Experiencing Coastrek's positive effects
In part two of our two-part story on walking charity event Coastrek (read part one here), Laura Waters finds great satisfaction in challenging herself for a greater good.
When Melbourne’s 2020 ‘virtual Coastrek’ (i.e. walk the specified distance on a route of your own choosing) finally ran, I was interstate and away from my team. To meet my commitment to sponsors I would have to walk my first event alone.
I chose a simple route – the 40km Lilydale to Warburton Rail Trail that follows the path of a historic railway line through Victoria’s Yarra Valley. Not coastal, but at least I wouldn’t risk wasting precious time and energy on navigation. The plan was to walk it out and return half way.
I set off on a misty morning from Warburton, a quaint little township on the Yarra River, dotted with soaring eucalyptus and golden poplars. The trail glides through a remarkably beautiful and changing landscape of forests and farmland, past horses, cows and gang-gang cockatoos cracking seeds in trees. At 10km I was putting a few jogs in, at 20km finding my rhythm. At 30km I was starting to hurt, and conscious that I was only half way!
With feet grumbling, I received a call from an ever-enthusiastic Di Westaway, Coastrek’s founder, asking “Hey! Do you want to do 2021 Coastrek?” only a few months away. Er, ask me later. The last 20km were tough yet beautiful; the late afternoon sun casting an entirely different glow on land I’d walked earlier in the day. By the time a friend whisked me off the track after 12 hours, the soles of my feet were almost numb.
The official Coastrek event on the Mornington Peninsula a few months later couldn’t have been more different. There was a festival vibe in the air, music pumping, cowbells clanging, flags waving and the positive group energy of nearly 4,000 trekkers preparing for a walk that would do good not only for them but Beyond Blue and those they support.
We were lucky to score perfect weather – cool and sunny, the ocean sparkling. So soon after my 60km epic, I opted for 30km instead and it flew by in a haze of golden beaches, winding sandy tracks across coastal heath with views across the sea, and friendly chats with complete strangers.
The community energy somehow multiplies everyone’s stamina tenfold. “There are highs and lows on a challenge like this but the best thing is the camaraderie,” says Ann. “Everyone talks to everyone and it is quite amazing the people you meet and the stories you hear. It’s the human spirit at its best.”
Crowds cheered our arrival as we walked back into Point Nepean just as the lowering sun sent a pink wash across the sky. We collected our achievement medals and a glass of champagne and lounged on the grass to bask in satisfaction.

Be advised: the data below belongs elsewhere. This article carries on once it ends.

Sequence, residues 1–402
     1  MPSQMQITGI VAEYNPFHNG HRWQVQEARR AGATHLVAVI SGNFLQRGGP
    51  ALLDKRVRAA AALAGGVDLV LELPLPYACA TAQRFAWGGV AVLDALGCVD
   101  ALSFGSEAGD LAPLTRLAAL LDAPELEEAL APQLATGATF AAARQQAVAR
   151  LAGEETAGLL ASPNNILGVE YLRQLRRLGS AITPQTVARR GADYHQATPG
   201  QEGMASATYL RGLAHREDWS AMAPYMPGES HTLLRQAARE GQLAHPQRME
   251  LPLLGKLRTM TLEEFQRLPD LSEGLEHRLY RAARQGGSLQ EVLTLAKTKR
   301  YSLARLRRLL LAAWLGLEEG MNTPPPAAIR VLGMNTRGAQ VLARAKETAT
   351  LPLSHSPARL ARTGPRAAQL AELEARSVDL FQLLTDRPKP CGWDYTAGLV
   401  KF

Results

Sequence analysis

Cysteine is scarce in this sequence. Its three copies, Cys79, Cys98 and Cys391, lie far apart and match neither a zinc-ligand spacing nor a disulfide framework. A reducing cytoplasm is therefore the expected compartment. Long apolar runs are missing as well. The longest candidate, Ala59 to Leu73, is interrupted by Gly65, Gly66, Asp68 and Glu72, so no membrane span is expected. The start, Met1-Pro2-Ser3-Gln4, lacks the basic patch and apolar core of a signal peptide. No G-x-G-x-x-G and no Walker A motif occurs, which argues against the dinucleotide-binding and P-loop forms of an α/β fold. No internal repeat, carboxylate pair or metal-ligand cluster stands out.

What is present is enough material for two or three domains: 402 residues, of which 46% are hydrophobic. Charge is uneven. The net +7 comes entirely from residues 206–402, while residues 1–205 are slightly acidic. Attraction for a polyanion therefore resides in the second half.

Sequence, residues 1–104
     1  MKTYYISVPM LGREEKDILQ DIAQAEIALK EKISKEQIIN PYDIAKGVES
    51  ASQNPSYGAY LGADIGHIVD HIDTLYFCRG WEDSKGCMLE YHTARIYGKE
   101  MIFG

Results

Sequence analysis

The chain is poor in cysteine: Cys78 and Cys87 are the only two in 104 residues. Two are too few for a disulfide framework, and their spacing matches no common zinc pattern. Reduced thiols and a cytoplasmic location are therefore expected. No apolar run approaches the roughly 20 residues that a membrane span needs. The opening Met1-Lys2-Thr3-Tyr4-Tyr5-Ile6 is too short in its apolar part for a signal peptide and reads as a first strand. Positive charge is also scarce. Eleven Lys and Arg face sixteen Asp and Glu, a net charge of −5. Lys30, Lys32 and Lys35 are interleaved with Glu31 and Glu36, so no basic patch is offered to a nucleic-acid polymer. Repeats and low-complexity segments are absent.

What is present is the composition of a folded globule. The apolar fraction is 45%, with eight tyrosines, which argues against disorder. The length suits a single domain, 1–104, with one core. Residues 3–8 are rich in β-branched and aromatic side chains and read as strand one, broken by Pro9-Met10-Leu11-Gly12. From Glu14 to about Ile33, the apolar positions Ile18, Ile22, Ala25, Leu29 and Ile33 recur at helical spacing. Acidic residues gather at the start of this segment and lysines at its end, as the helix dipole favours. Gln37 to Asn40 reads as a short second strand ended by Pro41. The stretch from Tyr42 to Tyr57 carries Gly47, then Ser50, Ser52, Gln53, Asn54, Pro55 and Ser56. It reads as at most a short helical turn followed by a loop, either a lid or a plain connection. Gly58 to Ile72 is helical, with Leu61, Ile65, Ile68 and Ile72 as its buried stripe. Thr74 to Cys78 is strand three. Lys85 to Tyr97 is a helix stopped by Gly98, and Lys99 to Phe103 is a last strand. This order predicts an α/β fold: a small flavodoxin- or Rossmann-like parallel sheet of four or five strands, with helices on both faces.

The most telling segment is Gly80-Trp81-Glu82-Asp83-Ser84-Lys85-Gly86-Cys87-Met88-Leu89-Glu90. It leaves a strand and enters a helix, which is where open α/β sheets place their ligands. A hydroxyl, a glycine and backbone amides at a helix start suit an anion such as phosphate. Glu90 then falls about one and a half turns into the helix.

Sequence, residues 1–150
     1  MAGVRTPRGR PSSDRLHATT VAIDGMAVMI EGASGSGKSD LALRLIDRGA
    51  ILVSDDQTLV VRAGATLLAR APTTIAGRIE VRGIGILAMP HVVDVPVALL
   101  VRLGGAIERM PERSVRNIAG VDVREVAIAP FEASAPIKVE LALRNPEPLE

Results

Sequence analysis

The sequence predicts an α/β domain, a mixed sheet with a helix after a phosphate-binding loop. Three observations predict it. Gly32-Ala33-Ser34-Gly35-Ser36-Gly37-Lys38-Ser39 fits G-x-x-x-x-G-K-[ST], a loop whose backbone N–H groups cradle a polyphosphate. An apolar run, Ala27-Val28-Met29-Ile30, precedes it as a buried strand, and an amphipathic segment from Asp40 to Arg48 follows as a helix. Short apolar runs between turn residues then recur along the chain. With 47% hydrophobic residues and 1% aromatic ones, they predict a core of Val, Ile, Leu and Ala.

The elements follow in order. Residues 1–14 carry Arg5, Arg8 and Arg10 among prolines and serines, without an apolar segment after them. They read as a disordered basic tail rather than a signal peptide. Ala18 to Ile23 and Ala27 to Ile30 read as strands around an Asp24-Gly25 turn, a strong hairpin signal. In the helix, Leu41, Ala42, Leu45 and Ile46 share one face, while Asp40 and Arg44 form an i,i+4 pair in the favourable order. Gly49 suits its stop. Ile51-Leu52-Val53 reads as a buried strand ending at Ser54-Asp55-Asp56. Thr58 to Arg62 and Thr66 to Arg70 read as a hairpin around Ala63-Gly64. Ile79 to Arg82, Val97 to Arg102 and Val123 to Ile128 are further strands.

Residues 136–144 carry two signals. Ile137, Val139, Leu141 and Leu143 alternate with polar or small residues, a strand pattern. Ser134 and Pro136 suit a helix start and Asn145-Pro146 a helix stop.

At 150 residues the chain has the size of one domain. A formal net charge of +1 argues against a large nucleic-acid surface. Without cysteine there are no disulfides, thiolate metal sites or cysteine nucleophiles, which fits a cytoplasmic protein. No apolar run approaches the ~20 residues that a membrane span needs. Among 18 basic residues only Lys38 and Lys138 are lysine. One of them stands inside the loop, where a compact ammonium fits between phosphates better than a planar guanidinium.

Many trekkers go on to take part in events in other states: Sydney’s eastern beaches or Brisbane’s neighbouring Sunshine Coast. Adelaide runs its Coastrek on the Fleurieu Peninsula and the new Perth event is taking place around Margaret River. That’s a whole lot of kilometres worth exploring.
If walking and feel-good vibes go hand in hand, Coastrek and its affiliation with Beyond Blue is a match made in heaven, but aside from the obvious benefits, it also helps break taboos. Having lost her friend to suicide, Georgina says she can’t emphasise enough how important it is to have conversations about mental health. “You can ring up Beyond Blue anytime and get fantastic support, and their online resources are easy and concise.”
For Peta, Coastrek has ignited a passion for hiking and her growing to-do list of walks includes the Thorsborne Trail, Overland Track and Kokoda Trail. “Walking has put a little happy pill in me, a spring in my step,” she says. She’s grateful to Beyond Blue for initiating her turning point and now is inspired to pay it forward and help others. “When people think there’s no way out, knowing there’s a phone number there can make things easier.”Ann sums it up: “A trek is like life. There are high points and low points and surrounding yourself with the right people is key to reaching the peak. Coastrek has taught me to be gutsy when I'm uncertain, it's taught me that I can do things I never dreamed I could do. It's taught me that I'm not a middle-aged, average woman but that I'm strong and that I can make a difference to so many people.”
Coastrek is held annually in Sydney, Melbourne, Brisbane, Adelaide and Margaret River. Event distances are 30km or 60km (Melbourne and Sydney also offer 45km). coastrek.com.au